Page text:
Verhoef Training currently supports the Khayelitsha Site B Hospital in their efforts to service the poorest communities of the Western Cape. Khayelitsha Site B Hospital treats in excess of 35 000 patients a month of which a large percentage are diagnosed as HIV positive.

Previously Verhoef Training has supported the Somerset Hospital for the acquirement of equipment vital to support their HIV/AIDS initiative. Verhoef Training also provide and enabled the setup of a computer science centre at Tereo to give the previously disadvantaged black children in the Helderberg Basin the opportunity to gain the necessary computer skills.


Businesses want industry knowledge top
by Linda Leung (Feb2007)

At the risk of sounding like a broken record, Foote Partners has released its most recent quarterly skills pay survey and guess what … bonus pay for non-certified IT skills is up and skills pay for certified skills is down … again. The average premium pay for non-certified workers grew from 7.0% in Q4 05 to 7.6% of base pay in Q4 06. Average skills pay for certified skills for the same period remained flat at 8.2% of base salary.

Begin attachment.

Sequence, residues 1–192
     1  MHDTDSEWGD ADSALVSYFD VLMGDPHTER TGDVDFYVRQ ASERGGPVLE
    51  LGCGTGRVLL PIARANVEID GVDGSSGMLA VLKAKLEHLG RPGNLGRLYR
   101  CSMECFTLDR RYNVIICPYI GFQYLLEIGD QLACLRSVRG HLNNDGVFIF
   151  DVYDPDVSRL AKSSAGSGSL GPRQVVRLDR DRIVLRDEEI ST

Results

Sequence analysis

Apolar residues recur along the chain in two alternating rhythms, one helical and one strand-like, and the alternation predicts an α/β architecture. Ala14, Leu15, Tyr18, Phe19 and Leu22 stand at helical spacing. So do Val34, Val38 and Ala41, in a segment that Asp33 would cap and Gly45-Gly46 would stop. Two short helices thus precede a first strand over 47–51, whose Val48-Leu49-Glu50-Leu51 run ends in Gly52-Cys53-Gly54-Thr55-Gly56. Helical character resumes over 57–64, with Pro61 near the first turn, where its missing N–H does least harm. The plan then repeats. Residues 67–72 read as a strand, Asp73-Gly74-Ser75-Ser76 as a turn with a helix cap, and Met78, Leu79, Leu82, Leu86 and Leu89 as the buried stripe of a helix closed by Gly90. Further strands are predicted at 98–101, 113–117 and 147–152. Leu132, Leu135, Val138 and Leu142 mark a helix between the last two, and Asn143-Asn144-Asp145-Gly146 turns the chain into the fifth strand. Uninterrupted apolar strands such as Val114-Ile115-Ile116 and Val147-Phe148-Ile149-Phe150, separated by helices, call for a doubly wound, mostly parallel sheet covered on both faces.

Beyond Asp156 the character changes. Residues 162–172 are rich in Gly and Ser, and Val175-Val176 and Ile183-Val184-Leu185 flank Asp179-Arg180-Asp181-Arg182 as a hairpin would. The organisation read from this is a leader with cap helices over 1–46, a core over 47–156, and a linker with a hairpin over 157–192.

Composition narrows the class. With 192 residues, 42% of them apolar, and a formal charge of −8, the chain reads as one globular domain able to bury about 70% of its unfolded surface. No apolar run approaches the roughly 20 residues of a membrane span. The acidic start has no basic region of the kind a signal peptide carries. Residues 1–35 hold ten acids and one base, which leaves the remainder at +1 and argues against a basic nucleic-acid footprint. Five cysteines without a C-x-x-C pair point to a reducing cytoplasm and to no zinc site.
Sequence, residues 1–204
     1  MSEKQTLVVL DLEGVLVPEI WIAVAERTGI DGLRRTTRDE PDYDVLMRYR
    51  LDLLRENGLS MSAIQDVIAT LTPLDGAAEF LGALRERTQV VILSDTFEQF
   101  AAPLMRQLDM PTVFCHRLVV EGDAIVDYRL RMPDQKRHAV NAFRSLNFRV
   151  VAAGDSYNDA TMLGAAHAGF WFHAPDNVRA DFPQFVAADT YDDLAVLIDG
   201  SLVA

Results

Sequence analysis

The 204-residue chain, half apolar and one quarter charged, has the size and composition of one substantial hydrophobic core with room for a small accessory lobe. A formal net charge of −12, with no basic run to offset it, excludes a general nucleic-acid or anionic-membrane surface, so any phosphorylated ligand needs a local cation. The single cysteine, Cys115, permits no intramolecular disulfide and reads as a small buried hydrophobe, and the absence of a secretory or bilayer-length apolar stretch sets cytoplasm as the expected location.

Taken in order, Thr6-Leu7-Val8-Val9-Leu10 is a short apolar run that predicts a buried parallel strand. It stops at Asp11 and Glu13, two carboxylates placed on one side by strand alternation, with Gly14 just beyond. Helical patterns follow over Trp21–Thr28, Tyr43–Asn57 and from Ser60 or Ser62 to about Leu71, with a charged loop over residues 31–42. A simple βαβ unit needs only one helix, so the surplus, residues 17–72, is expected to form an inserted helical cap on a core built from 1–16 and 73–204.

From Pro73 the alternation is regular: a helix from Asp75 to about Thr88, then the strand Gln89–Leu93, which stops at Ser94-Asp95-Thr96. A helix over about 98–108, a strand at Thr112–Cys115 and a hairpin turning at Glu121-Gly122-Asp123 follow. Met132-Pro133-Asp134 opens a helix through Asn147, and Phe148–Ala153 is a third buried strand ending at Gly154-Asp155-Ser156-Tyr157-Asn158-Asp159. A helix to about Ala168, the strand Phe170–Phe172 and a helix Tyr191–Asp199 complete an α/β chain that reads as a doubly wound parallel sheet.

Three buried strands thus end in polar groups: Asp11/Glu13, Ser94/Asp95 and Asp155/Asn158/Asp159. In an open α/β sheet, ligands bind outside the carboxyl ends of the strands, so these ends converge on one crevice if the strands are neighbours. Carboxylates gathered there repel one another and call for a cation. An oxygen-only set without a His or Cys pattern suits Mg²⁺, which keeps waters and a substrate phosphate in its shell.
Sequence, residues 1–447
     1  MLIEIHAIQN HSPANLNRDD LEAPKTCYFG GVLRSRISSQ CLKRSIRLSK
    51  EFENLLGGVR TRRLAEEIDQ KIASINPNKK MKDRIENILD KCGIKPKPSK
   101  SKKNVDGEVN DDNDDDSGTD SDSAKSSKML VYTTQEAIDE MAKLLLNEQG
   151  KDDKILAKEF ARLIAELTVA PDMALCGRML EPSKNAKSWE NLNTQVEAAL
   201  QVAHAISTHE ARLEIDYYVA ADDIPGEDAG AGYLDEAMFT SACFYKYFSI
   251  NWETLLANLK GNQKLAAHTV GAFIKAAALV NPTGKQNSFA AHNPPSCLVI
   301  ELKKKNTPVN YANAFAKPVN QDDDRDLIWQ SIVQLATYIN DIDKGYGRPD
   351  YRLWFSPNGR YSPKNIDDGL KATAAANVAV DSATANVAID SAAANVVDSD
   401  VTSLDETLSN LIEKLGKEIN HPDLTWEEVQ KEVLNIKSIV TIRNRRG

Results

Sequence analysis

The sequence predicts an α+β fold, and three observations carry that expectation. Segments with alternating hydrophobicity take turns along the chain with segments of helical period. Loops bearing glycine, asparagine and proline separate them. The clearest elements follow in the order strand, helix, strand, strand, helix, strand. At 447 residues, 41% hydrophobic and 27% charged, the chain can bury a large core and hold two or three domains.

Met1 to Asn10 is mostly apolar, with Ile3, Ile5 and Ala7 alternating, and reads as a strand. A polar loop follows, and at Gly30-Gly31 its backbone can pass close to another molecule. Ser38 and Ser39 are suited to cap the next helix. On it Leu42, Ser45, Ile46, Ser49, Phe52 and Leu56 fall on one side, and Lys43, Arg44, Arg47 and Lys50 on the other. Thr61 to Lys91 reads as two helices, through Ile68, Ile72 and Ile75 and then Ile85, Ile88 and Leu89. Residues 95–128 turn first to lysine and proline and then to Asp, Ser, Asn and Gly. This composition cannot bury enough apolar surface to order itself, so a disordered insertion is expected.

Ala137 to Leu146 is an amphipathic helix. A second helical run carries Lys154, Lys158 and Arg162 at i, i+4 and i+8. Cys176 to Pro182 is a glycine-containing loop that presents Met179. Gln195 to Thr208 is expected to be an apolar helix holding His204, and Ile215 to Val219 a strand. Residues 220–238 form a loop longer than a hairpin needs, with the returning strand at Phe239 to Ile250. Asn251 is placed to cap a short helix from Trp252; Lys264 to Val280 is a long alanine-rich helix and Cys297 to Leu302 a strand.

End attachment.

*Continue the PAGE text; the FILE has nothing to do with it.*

A similar picture was painted in Foote Partner’s skills pay survey for Q3 06, which saw average skills pay for non-certified skills increase to 7.48% of base pay, compared to a 0.10% decline of average skills pay for certified skills to 8.16% of base pay.

Every quarter, Foote Partners surveys IT pros – 60,000 individuals for the most recent report – to measure the premiums employers are paying for IT skills. The survey found that in Q4 06, 52% of respondents receive some form of tech skills pay as part of their overall compensation – the highest since Foote Partners’ records began.

“Pay for IT certifications Nov have been flat for the year, but the important finding is that for the last six months of 2006, the certifications tracked posted an overall decline of nearly 2%. This is obviously a disturbing trend for both independent training companies that focus on certification test preparation and the many vendors who rely on certifications to help maintain a foothold in IT departments for their products,” said David Foote, CEO and chief research officer at Foote Partners, in a statement.

But he added that “it would be foolish to imply that gold standard certifications like the Project Management Professional, Cisco Certified Internetwork Expert, and Certified Systems Security Professional and others are not highly valued by employers who continue to reward certificants with annual pay premiums worth 10% to 6% of base pay.”

However, average certification pay grew only 3.2% over the past two years, compared to a 13.3% gain in non-certified IT skills in the period, the report adds. The only certified IT skills category – out of numerous categories that include IT security, project management and networking and internetworking skills – to see a growth in skills pay was Web development-related certifications.